Tuesday, September 23, 2014

Woolfolk Records 1953/04

SSWS 14--Pitchfork Army
DC and Orbit are the companies buying the scripts.

The "$100,000 on Clark Kent's Head" syndicated strip sequence ends at eight weeks.

My transcriptions of William Woolfolk's records, to the end of his career in comic books, continue with May 1953 in this post. He began his records with September 1944 after a few years of writing comics; he didn't describe any story further than the feature name through December 1944. I began blogging these transcriptions with January 1945's, when he began putting in descriptions. But a list of the strips he was writing is better than nothing (and I can find the publication of one or two through number of pages or his style), so those four months of 1944 will be my posts when I return to this subject.

April 1953 Comic Book Scripts by William Woolfolk

6 pg  Superman syndicate 2nd week
Superman strip, May 25-30/53
10  I Put a Price on Love girl who takes men for all she can get
"I Put a Price on Love" Love Journal 21, Nov/53
Battle of the Alamo only the flag survives to tell the story
"Ghosts of the Alamo" All-American Men of War 7, Oct-Nov/53
Superman syndicate 3rd week
Superman strip, June 1-6/53
12  Superboy coronation of Lana Lang
"The Coronation of Lana Lang" Adventure 192, Sept/53
Superman syndicate 4th week
Superman strip, June 8-13/53
Farmers Can't Fight farmer vs. Hessians in the Revolutionary War
"Pitchfork Army" Star Spangled War Stories 14, Nov/53
Superman syndicate 5th week
Superman strip, June 15-20/53
Superman syndicate 6th week
Superman strip, June 22-27/53
Fighting Heart gal loves a prizefighter
10  "Fighting Heart" Love Diary 37, Oct/53
12  Superman syndicate 7th & 8th weeks
Superman strip, June 29-July 4, 6-11/53

Wednesday, September 17, 2014

Ray Cummings Writes Captain America

Ray Cummings, once a secretary/assistant to Thomas Edison, wrote science fiction and horror for the pulp magazines, beginning with The Girl in the Golden Atom in 1919 and on to around 1950. One novel, The Exile of Time, was reprinted by Ace Books in 1965 with a new cover painting by 1940s Captain America cover artist Alex Schomburg—appropriately enough, since Cummings had scripts in some of those Cap issues.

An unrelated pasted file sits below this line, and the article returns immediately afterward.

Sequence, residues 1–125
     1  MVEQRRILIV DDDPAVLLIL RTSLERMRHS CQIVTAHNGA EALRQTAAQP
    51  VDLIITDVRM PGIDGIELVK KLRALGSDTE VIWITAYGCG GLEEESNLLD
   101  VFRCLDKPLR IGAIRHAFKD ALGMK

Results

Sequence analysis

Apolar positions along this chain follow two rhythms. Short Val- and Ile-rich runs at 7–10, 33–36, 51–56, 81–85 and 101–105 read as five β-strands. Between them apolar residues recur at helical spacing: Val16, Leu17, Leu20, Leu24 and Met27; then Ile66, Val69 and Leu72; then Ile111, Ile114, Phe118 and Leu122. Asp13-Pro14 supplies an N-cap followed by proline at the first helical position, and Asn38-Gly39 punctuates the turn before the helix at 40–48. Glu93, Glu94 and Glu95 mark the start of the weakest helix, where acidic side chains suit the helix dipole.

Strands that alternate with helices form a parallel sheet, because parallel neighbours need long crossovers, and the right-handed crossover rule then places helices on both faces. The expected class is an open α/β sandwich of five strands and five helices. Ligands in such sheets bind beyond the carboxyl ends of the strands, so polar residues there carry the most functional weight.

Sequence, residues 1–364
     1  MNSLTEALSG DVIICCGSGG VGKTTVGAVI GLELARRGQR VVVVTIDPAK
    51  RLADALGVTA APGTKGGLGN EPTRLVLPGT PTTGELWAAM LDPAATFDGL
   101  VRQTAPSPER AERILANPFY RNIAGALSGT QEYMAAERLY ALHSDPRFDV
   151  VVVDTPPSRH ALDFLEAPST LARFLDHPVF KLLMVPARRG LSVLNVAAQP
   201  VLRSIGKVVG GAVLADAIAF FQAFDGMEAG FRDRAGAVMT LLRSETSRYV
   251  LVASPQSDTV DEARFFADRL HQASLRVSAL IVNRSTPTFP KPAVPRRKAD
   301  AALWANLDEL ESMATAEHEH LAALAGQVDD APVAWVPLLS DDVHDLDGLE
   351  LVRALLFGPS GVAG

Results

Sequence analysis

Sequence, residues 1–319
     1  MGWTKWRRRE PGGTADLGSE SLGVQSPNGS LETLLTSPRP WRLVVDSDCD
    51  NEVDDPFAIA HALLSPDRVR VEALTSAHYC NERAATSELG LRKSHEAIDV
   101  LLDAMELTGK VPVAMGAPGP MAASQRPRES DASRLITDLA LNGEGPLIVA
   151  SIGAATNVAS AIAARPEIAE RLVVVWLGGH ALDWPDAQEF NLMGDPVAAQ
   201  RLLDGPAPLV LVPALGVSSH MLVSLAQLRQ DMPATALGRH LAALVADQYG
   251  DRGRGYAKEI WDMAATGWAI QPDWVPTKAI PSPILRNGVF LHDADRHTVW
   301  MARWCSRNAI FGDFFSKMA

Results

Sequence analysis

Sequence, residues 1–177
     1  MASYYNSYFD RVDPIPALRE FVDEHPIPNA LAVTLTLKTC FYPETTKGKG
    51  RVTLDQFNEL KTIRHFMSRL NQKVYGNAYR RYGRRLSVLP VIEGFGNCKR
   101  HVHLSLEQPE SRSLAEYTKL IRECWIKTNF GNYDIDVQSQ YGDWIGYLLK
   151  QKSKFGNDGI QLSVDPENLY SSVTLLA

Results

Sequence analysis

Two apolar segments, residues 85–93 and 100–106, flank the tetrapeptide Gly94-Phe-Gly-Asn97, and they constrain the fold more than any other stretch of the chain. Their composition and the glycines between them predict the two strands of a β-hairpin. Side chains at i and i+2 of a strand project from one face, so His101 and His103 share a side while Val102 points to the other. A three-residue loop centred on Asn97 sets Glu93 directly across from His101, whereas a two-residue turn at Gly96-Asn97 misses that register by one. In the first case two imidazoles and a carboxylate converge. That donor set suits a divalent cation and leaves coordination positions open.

Cummings is credited with "The Princess of the Atom" in Captain America Comics, but without his actual name mentioned—the coming attraction in issue 24 just calls him the author of Girl in the Golden Atom. "The Princess of the Atom" two-parter uses the basic situation of "Girl in the Golden Atom"—miniaturizing into an atom world by means of a drug—but otherwise is a new plot.

The noticeable style characteristic on "Princess" that led me to the first of the other stories is "Oh migosh."

Cap 25 Princess--'Oh migosh'

He's known to have written Sub-Mariner and the Human Torch too, but so far, concentrating on Cap, I have yet to run across any stories of those characters by him. Another pass through the Caps may well find more Cummings stories.

Ray Cummings scripts on Captain America

Apr/43 25  The Princess of the Atom
May/     26  The Princess of the Atom Part II
June/     27  North of the Border
Aug/     29  The King of the Dinosaurs
The Case of the Phantom Engineer
The Case of the Headless Monster
Sep/     30  The House of the Laughing Death

on Captain America in All Winners

Win/43-44 11  The Case of the Yellow Fire Monster

on Captain America in U.S.A. Comics

Sep/43 10  The Cylinder of Death

Thursday, September 11, 2014

Woolfolk Records 1953/03